Hurricane Laura is expected to cause a catastrophic storm surge, extreme winds and flash floods as it hits the US, the National Hurricane Center (NHC) says.
Laura is currently a Category 3 storm and is due to strengthen to Category 4 before reaching Texas and Louisiana later on Wednesday.
The NHC warned local residents to “rush” to complete preparations.
Half a million have been told to leave. Laura and another storm Marco earlier hit the Caribbean killing 24.
Marco has already struck Louisiana, bringing strong winds and heavy rain on Monday.
Initially it was feared that both storms would hit Louisiana as hurricanes with 48 hours of each other – an unprecedented event – but Marco was downgraded to a tropical storm.
Laura, on the other hand, has strengthened rapidly to a Category 3, gaining 70% in power in just 24 hours.
Evacuations are complicated by the Covid-19 pandemic. Texas Governor Greg Abbott urged families who could afford it to take refuge in hotels and motels to be distanced from others.
What can we expect from Hurricane Laura?
Early on Wednesday the NHC said satellite images had shown that Laura had undergone a remarkable intensification to become a “formidable hurricane”.
In a series of tweets, it said Laura was expected to bring “life-threatening hazards” and an “unsurvivable storm surge” to parts of the coast of the Gulf of Mexico.
Well-built homes could incur major damage, trees could be snapped or uprooted and electricity and water would be unavailable for days or even weeks, it said.
“Hurricane force winds and widespread damaging wind gusts will also spread well inland into portions of eastern Texas and western Louisiana early Thursday,” the NHC added.
Unsurvivable storm surge with large and destructive waves will cause catastrophic damage from Sea Rim State Park, Texas, to Intracoastal City, Louisiana, including Calcasieu and Sabine Lakes. This surge could penetrate up to 30 miles inland from the immediate coastline. #Laura pic.twitter.com/bV4jzT3Chd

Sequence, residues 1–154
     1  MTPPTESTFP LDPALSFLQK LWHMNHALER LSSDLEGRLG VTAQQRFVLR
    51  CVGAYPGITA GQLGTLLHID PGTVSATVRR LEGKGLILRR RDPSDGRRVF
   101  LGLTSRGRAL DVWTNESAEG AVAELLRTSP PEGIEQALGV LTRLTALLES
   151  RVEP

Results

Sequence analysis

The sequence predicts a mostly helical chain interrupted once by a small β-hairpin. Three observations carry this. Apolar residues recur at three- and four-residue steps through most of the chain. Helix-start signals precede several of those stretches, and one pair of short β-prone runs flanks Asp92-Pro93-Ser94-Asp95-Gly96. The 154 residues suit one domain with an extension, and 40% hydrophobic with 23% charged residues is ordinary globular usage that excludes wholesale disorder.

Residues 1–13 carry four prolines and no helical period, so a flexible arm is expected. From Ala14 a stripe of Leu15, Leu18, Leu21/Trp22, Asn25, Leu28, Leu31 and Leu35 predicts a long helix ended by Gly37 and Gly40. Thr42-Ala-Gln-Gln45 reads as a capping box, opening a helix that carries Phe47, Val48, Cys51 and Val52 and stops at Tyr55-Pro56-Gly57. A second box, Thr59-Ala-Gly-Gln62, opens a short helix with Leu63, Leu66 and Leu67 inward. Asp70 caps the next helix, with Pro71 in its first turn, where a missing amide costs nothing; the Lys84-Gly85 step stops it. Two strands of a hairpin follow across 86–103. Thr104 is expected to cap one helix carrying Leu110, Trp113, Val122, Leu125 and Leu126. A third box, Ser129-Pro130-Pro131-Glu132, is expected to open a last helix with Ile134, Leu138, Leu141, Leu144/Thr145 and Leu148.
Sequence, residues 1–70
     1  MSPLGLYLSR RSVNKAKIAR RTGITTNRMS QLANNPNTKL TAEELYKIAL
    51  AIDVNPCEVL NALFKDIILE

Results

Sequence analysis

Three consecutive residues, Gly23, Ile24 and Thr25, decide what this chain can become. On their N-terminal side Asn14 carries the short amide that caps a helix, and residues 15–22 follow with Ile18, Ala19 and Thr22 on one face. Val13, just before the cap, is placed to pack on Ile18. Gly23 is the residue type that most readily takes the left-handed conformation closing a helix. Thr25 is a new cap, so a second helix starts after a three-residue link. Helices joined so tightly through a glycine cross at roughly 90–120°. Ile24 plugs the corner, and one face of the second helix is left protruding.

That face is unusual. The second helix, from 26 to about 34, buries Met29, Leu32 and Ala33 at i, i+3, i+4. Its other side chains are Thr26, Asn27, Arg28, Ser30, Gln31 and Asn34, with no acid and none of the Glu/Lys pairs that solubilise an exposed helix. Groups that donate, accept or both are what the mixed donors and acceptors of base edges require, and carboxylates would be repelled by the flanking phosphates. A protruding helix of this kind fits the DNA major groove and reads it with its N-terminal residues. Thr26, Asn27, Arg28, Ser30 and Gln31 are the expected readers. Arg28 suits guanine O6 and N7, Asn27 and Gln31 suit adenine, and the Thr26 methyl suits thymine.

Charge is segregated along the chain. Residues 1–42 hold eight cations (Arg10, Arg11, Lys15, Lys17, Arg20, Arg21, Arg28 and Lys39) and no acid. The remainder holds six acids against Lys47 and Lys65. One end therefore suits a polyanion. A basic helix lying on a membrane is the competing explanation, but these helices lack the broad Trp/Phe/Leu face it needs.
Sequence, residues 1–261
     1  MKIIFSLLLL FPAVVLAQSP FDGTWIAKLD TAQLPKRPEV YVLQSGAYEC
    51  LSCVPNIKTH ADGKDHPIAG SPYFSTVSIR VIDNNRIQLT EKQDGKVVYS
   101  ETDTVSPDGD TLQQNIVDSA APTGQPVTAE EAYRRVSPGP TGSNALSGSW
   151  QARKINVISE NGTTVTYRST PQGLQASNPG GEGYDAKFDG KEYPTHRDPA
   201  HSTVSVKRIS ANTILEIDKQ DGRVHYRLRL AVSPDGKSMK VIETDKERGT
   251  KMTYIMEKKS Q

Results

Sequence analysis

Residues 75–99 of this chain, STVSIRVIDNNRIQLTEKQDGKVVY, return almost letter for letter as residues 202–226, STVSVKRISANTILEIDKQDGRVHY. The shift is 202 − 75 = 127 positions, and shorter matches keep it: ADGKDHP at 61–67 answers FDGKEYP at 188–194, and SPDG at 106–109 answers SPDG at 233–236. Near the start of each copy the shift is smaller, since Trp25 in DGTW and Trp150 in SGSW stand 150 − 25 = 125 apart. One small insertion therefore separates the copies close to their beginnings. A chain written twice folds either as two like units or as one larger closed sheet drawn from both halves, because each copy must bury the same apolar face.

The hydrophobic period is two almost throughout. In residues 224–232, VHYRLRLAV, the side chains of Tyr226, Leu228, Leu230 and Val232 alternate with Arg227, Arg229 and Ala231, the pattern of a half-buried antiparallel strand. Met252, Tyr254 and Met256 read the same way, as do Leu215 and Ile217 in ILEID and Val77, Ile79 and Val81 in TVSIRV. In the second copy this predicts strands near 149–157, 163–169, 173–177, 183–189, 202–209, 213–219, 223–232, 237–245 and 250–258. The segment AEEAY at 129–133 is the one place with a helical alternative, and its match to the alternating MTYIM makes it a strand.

— National Hurricane Center (@NHC_Atlantic) August 26, 2020
The hurricane currently has maximum sustained winds of 125mph (201km/h). It could reach 145mph in the next few hours, with higher gusts.
It is expected to reach landfall near the Texas-Louisiana border shortly after midnight local time on Thursday (05:00 GMT).
It is also expected to generate tornadoes over Louisiana, Texas and Mississippi on Wednesday night.
More than 385,000 residents have been ordered to leave the Texas cities of Beaumont, Galveston and Port Arthur, while an additional 200,000 were told to evacuate Calcasieu Parish in south-western Louisiana.
Port Arthur, Texas, is home to the nation’s largest oil refinery, and workers have been taken off at least 281 offshore drilling platforms in the Gulf of Mexico, officials said on Monday.
What happened in the Caribbean?
Marco and Laura brought high winds and rough seas to the Caribbean, leaving at least 24 people dead, including a baby and an eight-year-old child in Haiti.
Heavy rains have also battered parts of Cuba, the Dominican Republic, and the US territory of Puerto Rico. President Trump declared a state of disaster in the territory on Saturday.
In Cuba, authorities have evacuated at least 160,000 people from several coastal regions, while thousands have been evacuated in the Dominican Republic.
In Jamaica, there were reports of landslides and flooded roads.